Three Things You Need To Know About Tooth Enamel
There are plenty of ways to make sure that your dental hygiene is up to par; between toothbrushes, dental flossers and dental picks, and tongue cleaning products — and of course, making regular appointments with your dentist for cleanings — there are tons of simple and affordable ways to customize your cleaning routine to fit your dental hygiene needs.
And the one thing that it all comes down to is tooth enamel, believe it or not. If you don’t know what your tooth enamel is, what it does, and how you can protect (or hurt) it, then your cleaning regime still isn’t complete. So with that in mind, here are a few basic facts about tooth enamel for you:
- Tooth enamel is the outer most part of your teeth, and even though your teeth are technically bones, the enamel covering them isn’t actually part of the bone itself. Tooth enamel is an extremely durable material made from the proteins and minerals of living cells. In fact, tooth enamel is the hardest natural surface in the human body and it can protect teeth for thousands of years (which is why archaeologists find teeth with skeletons so often).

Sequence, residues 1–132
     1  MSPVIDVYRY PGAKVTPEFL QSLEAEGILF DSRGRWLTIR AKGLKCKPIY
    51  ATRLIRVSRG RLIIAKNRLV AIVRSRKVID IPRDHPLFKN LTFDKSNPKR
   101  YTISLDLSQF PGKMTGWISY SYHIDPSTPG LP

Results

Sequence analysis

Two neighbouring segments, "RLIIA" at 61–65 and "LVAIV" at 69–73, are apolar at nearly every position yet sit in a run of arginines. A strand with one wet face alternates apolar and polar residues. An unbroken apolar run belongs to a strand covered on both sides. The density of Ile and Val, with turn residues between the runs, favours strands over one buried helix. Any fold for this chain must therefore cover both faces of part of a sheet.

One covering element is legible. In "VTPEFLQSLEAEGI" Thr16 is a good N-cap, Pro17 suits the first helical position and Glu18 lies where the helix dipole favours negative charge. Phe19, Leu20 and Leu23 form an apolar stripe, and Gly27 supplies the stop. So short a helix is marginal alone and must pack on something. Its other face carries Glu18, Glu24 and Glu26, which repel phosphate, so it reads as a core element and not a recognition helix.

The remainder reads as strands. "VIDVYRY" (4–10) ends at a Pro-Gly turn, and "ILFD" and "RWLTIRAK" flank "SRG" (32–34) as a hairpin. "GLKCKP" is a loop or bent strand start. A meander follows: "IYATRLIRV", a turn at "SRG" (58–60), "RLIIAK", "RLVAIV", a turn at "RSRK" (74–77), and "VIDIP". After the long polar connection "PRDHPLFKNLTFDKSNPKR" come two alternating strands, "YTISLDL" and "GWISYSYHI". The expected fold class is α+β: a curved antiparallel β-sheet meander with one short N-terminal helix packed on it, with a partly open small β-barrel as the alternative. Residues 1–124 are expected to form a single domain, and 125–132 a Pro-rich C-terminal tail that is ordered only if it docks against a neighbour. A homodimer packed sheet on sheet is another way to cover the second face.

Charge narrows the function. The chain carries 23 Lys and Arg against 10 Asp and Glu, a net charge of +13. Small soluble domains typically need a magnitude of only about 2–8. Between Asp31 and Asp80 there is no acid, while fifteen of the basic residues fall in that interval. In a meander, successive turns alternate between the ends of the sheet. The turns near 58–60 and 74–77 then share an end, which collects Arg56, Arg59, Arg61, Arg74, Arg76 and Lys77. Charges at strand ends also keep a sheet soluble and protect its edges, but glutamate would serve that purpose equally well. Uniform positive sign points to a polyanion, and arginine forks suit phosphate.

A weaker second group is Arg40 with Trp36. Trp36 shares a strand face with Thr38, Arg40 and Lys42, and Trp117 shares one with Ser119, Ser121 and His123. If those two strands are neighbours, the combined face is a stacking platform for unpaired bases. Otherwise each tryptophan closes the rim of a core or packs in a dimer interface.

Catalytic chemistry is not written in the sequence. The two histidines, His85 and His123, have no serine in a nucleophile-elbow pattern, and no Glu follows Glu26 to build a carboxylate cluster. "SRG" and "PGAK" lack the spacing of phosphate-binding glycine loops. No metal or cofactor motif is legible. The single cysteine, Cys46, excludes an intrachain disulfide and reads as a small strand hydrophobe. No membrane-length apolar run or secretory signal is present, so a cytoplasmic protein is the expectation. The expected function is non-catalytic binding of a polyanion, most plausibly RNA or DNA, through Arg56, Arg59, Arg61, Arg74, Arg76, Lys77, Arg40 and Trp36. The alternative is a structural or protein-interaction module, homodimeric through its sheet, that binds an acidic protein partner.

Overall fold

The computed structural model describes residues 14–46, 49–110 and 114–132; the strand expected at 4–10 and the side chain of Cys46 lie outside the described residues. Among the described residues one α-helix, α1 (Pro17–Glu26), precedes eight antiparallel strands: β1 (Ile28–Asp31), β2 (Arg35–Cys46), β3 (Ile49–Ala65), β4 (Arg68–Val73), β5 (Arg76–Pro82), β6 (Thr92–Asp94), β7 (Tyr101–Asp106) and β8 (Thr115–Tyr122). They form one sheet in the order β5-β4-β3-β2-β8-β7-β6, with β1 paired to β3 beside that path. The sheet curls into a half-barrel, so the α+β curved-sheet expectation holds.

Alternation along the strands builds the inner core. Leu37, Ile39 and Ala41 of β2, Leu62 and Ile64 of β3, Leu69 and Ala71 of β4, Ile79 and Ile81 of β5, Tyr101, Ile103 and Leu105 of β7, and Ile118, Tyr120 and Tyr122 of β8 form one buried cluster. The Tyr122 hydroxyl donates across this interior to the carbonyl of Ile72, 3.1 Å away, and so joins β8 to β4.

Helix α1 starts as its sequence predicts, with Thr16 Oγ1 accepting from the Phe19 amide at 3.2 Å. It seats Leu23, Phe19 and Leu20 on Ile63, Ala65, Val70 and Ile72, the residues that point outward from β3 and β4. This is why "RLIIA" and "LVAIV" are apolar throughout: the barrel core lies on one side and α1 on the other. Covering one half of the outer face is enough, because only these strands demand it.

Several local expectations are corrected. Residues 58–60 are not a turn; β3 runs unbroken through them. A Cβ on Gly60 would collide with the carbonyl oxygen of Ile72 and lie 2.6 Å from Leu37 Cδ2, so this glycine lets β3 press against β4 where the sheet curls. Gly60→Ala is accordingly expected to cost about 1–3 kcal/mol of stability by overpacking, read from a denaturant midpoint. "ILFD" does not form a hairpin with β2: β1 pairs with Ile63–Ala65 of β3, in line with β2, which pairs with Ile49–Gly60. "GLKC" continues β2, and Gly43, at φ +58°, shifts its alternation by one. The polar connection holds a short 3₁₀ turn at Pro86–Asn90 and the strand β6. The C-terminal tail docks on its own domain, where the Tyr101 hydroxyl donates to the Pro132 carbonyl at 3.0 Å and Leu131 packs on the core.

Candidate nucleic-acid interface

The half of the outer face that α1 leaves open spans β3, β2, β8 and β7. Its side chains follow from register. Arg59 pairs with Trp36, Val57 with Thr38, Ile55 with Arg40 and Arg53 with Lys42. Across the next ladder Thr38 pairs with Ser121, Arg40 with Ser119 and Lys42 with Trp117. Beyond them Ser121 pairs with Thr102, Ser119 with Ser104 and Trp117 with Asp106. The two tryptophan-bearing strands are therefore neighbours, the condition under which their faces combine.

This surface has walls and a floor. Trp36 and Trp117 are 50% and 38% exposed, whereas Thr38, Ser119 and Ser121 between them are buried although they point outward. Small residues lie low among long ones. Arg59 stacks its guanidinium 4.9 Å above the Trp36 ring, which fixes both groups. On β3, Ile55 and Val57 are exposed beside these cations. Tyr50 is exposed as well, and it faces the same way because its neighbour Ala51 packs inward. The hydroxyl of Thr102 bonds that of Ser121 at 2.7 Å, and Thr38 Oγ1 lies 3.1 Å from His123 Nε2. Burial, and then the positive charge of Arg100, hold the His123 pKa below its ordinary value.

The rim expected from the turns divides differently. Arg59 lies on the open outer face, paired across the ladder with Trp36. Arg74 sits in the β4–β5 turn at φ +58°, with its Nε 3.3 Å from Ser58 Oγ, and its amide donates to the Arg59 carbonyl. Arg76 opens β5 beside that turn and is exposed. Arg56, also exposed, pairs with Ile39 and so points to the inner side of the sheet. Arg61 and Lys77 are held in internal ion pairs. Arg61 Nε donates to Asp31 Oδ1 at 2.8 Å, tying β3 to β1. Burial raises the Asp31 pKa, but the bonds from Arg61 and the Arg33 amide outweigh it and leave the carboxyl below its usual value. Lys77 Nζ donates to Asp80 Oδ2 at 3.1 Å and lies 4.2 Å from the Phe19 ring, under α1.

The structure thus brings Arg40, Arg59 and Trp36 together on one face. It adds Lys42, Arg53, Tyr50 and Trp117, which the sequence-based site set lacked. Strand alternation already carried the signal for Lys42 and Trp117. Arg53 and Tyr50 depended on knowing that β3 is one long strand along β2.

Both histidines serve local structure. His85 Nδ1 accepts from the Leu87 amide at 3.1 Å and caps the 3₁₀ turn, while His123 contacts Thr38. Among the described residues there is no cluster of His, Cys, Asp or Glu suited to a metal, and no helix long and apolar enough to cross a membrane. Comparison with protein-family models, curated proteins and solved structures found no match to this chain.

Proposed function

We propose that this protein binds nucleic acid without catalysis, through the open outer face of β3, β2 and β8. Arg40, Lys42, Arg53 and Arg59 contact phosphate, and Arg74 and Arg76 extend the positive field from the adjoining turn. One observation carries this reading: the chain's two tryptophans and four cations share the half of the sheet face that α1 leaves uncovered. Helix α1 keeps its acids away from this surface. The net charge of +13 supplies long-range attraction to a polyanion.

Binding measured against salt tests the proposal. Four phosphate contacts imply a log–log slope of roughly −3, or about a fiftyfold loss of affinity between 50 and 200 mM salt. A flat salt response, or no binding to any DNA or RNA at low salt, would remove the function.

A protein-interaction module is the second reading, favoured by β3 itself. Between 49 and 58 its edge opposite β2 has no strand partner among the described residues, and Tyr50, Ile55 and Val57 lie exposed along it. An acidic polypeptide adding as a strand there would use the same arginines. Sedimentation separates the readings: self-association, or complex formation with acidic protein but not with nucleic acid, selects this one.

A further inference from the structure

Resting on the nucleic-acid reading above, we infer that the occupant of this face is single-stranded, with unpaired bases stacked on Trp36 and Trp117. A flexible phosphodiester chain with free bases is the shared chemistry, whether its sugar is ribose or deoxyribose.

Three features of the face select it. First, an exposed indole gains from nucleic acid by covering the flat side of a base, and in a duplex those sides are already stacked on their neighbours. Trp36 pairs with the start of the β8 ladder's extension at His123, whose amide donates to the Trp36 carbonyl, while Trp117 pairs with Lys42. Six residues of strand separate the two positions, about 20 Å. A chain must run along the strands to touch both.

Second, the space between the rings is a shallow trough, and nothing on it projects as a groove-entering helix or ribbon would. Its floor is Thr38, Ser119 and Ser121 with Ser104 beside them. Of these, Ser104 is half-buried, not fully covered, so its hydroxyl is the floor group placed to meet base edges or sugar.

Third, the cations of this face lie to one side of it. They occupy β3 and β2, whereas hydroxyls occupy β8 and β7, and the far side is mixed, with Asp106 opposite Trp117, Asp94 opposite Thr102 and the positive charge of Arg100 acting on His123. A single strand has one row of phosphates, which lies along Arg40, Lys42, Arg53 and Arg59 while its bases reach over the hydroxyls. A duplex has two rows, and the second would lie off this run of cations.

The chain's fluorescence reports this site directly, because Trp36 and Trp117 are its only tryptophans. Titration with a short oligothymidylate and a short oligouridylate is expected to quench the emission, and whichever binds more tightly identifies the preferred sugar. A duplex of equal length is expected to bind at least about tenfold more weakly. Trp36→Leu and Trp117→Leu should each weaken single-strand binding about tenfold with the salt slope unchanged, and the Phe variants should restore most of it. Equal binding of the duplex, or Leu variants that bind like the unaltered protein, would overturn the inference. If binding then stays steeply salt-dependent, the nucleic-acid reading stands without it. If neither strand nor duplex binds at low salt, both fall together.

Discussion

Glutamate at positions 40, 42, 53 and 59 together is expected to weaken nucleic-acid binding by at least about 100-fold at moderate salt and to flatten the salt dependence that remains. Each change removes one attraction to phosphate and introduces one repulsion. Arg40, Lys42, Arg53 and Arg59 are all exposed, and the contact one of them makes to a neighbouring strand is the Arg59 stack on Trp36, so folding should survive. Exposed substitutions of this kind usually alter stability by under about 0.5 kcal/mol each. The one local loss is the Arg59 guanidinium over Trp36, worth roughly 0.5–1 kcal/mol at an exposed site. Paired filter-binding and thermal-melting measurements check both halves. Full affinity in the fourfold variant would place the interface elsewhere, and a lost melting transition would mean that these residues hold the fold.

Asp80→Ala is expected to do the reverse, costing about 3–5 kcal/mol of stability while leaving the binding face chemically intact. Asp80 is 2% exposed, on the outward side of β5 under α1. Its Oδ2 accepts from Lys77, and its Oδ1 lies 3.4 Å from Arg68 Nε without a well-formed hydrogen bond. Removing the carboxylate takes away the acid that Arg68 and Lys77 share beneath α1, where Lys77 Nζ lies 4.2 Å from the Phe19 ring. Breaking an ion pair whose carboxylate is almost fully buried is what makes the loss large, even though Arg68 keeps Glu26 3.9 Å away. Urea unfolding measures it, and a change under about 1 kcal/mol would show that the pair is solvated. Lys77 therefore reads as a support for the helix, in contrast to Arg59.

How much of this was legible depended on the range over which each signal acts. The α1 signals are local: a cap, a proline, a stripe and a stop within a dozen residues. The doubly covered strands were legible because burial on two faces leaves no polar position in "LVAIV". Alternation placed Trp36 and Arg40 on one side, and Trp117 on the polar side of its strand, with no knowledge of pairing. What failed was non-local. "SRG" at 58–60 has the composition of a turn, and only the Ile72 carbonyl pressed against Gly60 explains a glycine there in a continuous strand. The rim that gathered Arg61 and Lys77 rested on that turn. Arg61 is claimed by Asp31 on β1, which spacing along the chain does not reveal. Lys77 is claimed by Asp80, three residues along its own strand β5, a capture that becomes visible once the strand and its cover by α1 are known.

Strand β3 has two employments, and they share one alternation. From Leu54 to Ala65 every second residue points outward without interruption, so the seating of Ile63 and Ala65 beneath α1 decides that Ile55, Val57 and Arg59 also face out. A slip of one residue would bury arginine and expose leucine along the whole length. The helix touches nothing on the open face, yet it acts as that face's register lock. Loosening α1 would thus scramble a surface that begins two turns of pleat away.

- Despite being such a hard material, tooth enamel can be worn down over time throughout erosion (e.g., if you put too much pressure on your teeth when you brush) and through chemical interactions caused by ingredients in food (most notably sugary foods and sour/acidic foods). Soft drinks are particularly harsh on tooth enamel because the sugars and chemicals are constantly passing over the teeth and coating the enamel; unless you get in the habit of rinsing your mouth out after every drink, your tooth enamel will really suffer over time.
- Even though tooth enamel can become yellow or discolored over time (just like any other mineral substance), the frustrating part about decayed tooth enamel is that you can’t see when it starts to wear off — and there aren’t any products on the market yet that can create new tooth enamel once it’s gone. The best solution, in order to maintain proper dental hygiene, is to use preventative oral health products that protect your enamel and to avoid too many foods with harsh chemicals.
And of course, let’s not forget about the importance of visiting your dentist on a regular basis for teeth cleanings and dental health examinations!